On Friday, Sept. 20, at 3 p.m., the Keene community will be at Central Square to join activists from around the world in demanding that governments act decisively to address climate change.

Here is why I will be there.

Almost a half a century ago, on April 22, 1970, the first Earth Day was celebrated nationally at colleges and universities. This celebration fostered an awareness catalyzing the U.S. environmental movement to recognize the Earth as part of a shared human heritage. … A quarter of a century later, former Vice President (then Sen.) Al Gore wrote “Earth in the Balance,” which, in the words of Carl Sagan, was a “landmark book” predicting an “environmental crisis threatening to overwhelm our children’s generation.” Yet, despite Gore’s forecast and the monumental work of national and international institutions and non-government organizations, planetary conditions are worse than in 1992 and now jeopardize our children’s futures.

Indeed, in 2018, the United Nations’ International Panel on Climate Change (IPCC) reported current levels of greenhouse gas emissions at 1.0 degree Centigrade above pre-industrial levels and rising an average of two-tenths degree per year, resulting in the net increase of 1.5 degrees by 2030. Forecasting negative impacts on health due to vector-borne diseases, crop failures and heat-related morbidity, the report further states that pathways limiting global warming would require rapid and far reaching transitions in energy, land, urban and infrastructure and industrial systems.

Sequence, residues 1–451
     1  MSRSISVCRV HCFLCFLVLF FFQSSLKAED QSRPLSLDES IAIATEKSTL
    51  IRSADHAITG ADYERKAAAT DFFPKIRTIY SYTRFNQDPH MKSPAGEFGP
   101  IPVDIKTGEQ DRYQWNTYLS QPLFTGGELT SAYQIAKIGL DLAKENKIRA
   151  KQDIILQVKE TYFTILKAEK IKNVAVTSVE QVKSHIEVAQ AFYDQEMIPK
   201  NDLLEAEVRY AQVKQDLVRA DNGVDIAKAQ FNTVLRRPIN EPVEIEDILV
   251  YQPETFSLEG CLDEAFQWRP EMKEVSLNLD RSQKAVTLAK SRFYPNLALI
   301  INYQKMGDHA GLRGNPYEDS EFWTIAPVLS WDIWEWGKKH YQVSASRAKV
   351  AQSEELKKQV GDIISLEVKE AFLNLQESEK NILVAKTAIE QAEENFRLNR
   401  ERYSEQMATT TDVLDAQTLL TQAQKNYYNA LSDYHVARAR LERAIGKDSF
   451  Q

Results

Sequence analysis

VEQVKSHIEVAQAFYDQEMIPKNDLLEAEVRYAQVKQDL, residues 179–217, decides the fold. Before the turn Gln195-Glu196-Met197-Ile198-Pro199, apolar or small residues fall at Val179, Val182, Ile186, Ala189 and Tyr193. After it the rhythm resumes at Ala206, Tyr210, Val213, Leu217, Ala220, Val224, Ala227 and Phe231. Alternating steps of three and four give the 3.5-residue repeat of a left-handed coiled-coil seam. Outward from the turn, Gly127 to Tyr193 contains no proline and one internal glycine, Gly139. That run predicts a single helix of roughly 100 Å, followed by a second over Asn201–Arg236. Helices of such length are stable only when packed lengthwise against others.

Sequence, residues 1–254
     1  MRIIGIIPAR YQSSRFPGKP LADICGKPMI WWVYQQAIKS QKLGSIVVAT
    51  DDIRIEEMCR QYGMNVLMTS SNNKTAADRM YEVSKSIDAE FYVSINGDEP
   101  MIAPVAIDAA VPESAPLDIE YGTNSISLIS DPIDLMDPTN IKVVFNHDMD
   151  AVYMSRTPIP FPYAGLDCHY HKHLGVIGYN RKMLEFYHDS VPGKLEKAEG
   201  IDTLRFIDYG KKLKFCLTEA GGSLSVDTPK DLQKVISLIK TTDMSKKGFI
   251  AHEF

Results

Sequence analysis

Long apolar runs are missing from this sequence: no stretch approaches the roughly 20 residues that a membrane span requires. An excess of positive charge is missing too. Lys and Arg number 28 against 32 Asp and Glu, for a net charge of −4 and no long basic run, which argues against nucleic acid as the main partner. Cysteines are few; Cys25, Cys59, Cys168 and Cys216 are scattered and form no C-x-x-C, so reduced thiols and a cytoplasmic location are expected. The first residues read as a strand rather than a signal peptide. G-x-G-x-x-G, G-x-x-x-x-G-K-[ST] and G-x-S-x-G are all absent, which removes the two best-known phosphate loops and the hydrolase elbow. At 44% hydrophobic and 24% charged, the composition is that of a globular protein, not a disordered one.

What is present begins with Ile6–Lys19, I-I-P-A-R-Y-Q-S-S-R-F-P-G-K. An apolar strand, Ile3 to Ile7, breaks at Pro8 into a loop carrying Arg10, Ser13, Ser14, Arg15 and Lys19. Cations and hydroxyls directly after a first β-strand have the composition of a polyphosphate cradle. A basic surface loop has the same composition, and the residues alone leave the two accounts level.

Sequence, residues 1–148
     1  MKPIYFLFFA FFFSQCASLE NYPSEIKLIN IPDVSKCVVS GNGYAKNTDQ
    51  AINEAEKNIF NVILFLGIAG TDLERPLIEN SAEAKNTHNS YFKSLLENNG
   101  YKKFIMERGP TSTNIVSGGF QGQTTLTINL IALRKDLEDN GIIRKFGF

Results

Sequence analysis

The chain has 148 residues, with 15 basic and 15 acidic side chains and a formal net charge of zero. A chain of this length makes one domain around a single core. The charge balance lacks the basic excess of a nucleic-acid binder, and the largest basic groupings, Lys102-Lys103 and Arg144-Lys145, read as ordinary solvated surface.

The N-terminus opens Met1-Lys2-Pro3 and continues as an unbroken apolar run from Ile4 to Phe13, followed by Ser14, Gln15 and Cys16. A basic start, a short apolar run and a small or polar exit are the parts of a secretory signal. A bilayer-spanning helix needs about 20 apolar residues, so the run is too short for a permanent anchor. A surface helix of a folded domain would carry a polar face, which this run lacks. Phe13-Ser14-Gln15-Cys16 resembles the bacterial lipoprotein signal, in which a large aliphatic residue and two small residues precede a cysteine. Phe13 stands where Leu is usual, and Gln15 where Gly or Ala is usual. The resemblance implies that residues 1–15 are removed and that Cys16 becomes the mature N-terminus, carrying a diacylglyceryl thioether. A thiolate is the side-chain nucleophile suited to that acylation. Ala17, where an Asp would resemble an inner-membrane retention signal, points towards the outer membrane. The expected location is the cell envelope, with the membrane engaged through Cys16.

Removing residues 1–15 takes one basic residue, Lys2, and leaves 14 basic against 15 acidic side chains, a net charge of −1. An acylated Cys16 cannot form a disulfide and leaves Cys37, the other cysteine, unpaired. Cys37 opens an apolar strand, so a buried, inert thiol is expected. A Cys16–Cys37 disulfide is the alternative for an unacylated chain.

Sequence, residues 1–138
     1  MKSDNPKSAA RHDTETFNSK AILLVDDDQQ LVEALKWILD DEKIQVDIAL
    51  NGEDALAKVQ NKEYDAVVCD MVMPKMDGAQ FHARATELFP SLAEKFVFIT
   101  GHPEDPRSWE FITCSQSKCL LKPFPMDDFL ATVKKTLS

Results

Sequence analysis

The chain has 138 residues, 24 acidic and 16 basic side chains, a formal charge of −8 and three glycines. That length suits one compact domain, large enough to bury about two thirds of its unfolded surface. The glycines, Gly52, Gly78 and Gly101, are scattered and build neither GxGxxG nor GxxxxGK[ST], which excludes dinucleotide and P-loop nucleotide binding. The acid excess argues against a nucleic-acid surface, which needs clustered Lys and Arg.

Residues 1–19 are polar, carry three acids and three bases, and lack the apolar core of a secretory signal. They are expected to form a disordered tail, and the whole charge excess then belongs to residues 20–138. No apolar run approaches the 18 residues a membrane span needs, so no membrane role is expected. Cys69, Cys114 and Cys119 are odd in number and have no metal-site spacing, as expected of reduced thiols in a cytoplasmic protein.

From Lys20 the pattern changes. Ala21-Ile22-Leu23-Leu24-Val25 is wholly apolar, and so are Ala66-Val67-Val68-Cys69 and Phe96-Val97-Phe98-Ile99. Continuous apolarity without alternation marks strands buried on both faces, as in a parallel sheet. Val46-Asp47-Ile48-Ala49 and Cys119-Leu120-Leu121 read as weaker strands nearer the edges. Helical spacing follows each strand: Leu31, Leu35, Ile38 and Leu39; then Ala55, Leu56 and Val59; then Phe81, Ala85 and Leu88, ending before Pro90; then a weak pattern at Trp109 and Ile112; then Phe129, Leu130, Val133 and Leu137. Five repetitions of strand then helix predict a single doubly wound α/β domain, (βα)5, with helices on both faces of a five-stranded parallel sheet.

Non-scientists only have to observe Arctic temperatures greater than 90 degrees, wildfires burning across the globe and melting Greenland glaciers to know the IPCC data may be a best-case scenario.

Politicians have long kicked the problem onto the next watch, with incremental changes and the promise of international agreements. The Paris climate agreement, which has no mandatory goals or enforcement, falsely anticipates carbon reduction mechanisms yet to be invented and proven. The agreement also fails to anticipate multiple feedback loops and abrupt fluctuations inherent with melting polar ice or ecological crises such as the burning of rainforests.

Thus, there is almost certainty that even if the above trends are turned around, our children’s and grandchildren’s world will be degraded.

The political failure to protect the citizenry from risks of uninhabitable conditions is a dereliction of duty by political leadership and is why social mobilization is necessary. To do less is a dereliction of our responsibilities to our children. Please join me.

SARAH G. WILTON

127 School St.

Keene